Multi-frame super-resolution (SR) enhancement methods have been widely demonstrated to improve the effective sampling rate of undersampled imagers [4]. By using multiple low-resolution (LR) frames from video, these SR algorithms exploit sub-pixel motion between frames to effectively enhance the sampling rate for the native FPA. By doing so, these SR methods effectively trade temporal resolution for spatial resolution. In addition to enhancing the sampling rate and reducing aliasing, the SR algorithms typically perform restoration to reduce noise and blur. Generally speaking, iterative image reconstruction based SR methods are among the best performing algorithms, but come with a relatively high computational cost [4]. The simplest SR algorithms, in a computational sense, are the interpolation-restoration approaches [4]. Here we shall consider these two classes of SR algorithms as applied to polarimetric imagery. Because of their ability to help overcome undersampling, we believe multi-frame SR algorithms are a powerful match for microgrid polarimeters. To the best of our knowledge, the only publications to date exploring this connection were the result of preliminary work led by two of the current coauthors [5, 6]. We believe the current paper represents the first comprehensive treatment of the subject. In [5], Ratliff et al used the iterative multi-frame SR algorithm in [7] applied to the four demosaiced polarimetric channels independently. LeMaster explored a simple and fast multi-frame SR algorithm in [6] that registered and interlaced samples from multiple frames, also using independent channel processing. The work in [5, 6] demonstrated that SR can be used to enhance the resolution of polarimetric data from a microgrid imager, but neither fully exploited the redundant information available in the microgrid array.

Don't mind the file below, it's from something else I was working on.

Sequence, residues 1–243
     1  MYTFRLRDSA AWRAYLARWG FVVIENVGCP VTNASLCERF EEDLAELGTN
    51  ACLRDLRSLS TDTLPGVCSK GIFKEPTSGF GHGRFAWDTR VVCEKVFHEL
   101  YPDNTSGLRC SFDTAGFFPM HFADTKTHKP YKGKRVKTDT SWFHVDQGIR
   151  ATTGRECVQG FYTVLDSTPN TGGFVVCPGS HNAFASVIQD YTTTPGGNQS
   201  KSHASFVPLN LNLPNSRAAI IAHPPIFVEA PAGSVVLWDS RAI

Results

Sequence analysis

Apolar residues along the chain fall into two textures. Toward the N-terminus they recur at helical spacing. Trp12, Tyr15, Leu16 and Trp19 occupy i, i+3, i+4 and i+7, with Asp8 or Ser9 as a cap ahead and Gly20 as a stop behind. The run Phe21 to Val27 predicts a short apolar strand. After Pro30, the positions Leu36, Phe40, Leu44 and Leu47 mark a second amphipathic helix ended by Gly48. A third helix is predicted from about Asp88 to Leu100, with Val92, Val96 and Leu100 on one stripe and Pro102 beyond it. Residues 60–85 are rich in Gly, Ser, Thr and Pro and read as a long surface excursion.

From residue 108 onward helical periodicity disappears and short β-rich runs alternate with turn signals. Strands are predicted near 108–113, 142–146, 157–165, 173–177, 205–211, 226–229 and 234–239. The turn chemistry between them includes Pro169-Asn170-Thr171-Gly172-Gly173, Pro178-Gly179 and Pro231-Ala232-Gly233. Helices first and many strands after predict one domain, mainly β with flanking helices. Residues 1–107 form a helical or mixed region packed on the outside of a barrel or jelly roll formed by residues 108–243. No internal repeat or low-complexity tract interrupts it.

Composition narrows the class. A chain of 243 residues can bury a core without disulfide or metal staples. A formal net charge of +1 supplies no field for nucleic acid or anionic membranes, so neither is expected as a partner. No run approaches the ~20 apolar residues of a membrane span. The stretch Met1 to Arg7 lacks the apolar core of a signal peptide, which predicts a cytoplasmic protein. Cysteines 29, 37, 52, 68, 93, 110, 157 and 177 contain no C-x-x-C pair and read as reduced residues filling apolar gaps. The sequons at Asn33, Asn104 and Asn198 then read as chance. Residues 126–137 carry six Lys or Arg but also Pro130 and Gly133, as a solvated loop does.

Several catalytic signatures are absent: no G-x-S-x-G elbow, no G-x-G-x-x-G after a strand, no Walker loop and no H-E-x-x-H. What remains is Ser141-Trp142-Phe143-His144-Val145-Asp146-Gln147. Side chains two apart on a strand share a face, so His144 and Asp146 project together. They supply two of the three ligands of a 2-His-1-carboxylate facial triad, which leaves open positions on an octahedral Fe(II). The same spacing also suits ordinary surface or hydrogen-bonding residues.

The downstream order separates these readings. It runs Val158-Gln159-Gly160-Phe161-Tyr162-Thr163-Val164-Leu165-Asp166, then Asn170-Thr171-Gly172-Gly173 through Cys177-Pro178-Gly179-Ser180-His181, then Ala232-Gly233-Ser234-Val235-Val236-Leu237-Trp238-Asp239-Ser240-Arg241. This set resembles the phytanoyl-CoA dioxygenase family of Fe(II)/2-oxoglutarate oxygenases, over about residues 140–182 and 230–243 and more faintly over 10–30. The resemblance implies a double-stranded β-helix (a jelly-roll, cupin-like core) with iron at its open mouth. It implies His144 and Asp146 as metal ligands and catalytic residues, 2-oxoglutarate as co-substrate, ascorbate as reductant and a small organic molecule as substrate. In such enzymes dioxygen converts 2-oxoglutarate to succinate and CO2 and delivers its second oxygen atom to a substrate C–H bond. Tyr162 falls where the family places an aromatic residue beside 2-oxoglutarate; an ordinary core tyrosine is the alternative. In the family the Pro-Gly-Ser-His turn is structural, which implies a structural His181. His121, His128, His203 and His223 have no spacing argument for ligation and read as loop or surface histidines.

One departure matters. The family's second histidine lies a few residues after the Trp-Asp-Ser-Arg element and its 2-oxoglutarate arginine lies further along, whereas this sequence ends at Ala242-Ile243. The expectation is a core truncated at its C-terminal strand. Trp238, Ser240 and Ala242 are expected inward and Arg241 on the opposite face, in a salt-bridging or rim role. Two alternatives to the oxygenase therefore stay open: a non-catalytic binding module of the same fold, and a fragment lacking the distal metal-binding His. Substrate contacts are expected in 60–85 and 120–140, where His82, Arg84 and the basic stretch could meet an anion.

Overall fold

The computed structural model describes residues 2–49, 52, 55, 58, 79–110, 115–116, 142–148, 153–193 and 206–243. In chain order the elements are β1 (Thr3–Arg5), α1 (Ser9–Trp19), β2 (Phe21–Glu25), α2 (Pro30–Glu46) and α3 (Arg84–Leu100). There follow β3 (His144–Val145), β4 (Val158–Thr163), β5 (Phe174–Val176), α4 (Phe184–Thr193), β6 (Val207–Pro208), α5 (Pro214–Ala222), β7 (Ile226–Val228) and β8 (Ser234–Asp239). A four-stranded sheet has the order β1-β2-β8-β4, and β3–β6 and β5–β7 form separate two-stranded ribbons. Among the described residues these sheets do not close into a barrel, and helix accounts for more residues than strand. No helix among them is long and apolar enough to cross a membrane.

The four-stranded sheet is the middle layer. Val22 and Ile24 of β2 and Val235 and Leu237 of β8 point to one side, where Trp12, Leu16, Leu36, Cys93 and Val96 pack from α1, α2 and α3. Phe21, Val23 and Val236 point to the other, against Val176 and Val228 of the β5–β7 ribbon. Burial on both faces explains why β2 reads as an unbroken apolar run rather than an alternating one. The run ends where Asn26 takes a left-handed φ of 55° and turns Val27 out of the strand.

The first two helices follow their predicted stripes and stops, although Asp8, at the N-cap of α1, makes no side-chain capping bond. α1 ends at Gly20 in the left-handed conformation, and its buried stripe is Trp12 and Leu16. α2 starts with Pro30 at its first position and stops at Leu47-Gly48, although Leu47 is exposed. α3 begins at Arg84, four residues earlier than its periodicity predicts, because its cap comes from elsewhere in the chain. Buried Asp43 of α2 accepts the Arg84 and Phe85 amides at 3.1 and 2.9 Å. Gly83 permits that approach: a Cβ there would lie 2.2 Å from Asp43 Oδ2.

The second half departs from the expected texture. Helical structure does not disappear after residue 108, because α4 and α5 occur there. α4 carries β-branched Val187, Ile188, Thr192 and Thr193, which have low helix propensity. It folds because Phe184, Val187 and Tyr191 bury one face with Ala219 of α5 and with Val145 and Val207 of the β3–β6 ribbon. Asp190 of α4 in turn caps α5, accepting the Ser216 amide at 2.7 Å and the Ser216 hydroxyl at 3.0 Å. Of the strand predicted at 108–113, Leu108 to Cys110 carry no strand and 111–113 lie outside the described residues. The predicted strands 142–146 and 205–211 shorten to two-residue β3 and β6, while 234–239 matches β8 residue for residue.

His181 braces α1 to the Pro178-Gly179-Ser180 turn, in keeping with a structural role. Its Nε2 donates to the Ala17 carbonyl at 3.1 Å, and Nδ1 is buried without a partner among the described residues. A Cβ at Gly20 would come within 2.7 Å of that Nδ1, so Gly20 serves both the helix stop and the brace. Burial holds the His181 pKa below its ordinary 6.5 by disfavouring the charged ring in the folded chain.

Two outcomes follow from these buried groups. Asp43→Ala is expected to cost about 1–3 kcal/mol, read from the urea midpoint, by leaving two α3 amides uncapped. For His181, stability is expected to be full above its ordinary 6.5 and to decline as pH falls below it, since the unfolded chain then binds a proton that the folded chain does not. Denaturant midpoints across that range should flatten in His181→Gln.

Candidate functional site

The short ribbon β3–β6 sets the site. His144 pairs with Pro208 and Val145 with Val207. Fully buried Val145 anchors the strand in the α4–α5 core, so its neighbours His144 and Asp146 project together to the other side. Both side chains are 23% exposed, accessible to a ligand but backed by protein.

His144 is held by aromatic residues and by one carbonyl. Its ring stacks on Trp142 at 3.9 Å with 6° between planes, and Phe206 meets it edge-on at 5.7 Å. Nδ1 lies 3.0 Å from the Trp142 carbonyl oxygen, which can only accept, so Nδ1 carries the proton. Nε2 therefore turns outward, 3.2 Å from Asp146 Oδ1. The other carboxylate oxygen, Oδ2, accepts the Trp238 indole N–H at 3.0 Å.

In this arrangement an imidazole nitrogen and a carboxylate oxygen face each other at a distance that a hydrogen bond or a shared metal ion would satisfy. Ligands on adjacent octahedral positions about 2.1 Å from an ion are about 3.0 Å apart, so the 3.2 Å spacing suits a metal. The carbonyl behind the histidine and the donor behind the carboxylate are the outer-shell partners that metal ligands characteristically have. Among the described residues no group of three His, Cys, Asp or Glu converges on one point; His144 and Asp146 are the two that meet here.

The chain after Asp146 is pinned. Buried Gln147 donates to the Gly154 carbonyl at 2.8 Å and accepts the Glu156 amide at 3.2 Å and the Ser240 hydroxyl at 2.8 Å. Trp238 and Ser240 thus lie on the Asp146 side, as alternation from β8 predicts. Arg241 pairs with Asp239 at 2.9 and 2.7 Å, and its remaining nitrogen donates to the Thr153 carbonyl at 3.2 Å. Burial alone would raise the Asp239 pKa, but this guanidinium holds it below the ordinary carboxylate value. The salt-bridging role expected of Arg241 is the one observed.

Here we present two new multi-channel multi-frame SR algorithms specifically designed for processing imagery from microgrid polarimeters. The new SR methods are designed to provide improved performance by exploiting correlation between the polarimetric channels and by using a detailed observation model that includes an accurate point spread function (PSF). One of the two new SR algorithms presented here uses a form of regularized least squares (RLS) related to that in [7] and has an iterative solution. The proposed RLS algorithm is novel in that here we jointly estimate all of the polarimetric images and use a new regularization function that exploits correlation among the polarimetric channels. The other proposed algorithm is a new type of adaptive wiener filter (AWF) SR method [8] designed for microgrid image data. The microgrid AWF method leads to a faster implementation that is more readily suitable to real-time processing with appropriate hardware than the RLS method. We study the performance of the two new microgrid SR methods using imagery from a long-wave infrared (LWIR) microgrid polarimeter. We also present results using simulated microgrid data derived from a visible polarimetric imaging system. These simulated data are used to allow for a new quantitative performance analysis. Our results demonstrate that there can be significant benefits to using SR with microgrid polarimeters. We also show how multichannel SR processing that exploits the correlation between the polarimetric channels yields improved performance over independent channel processing.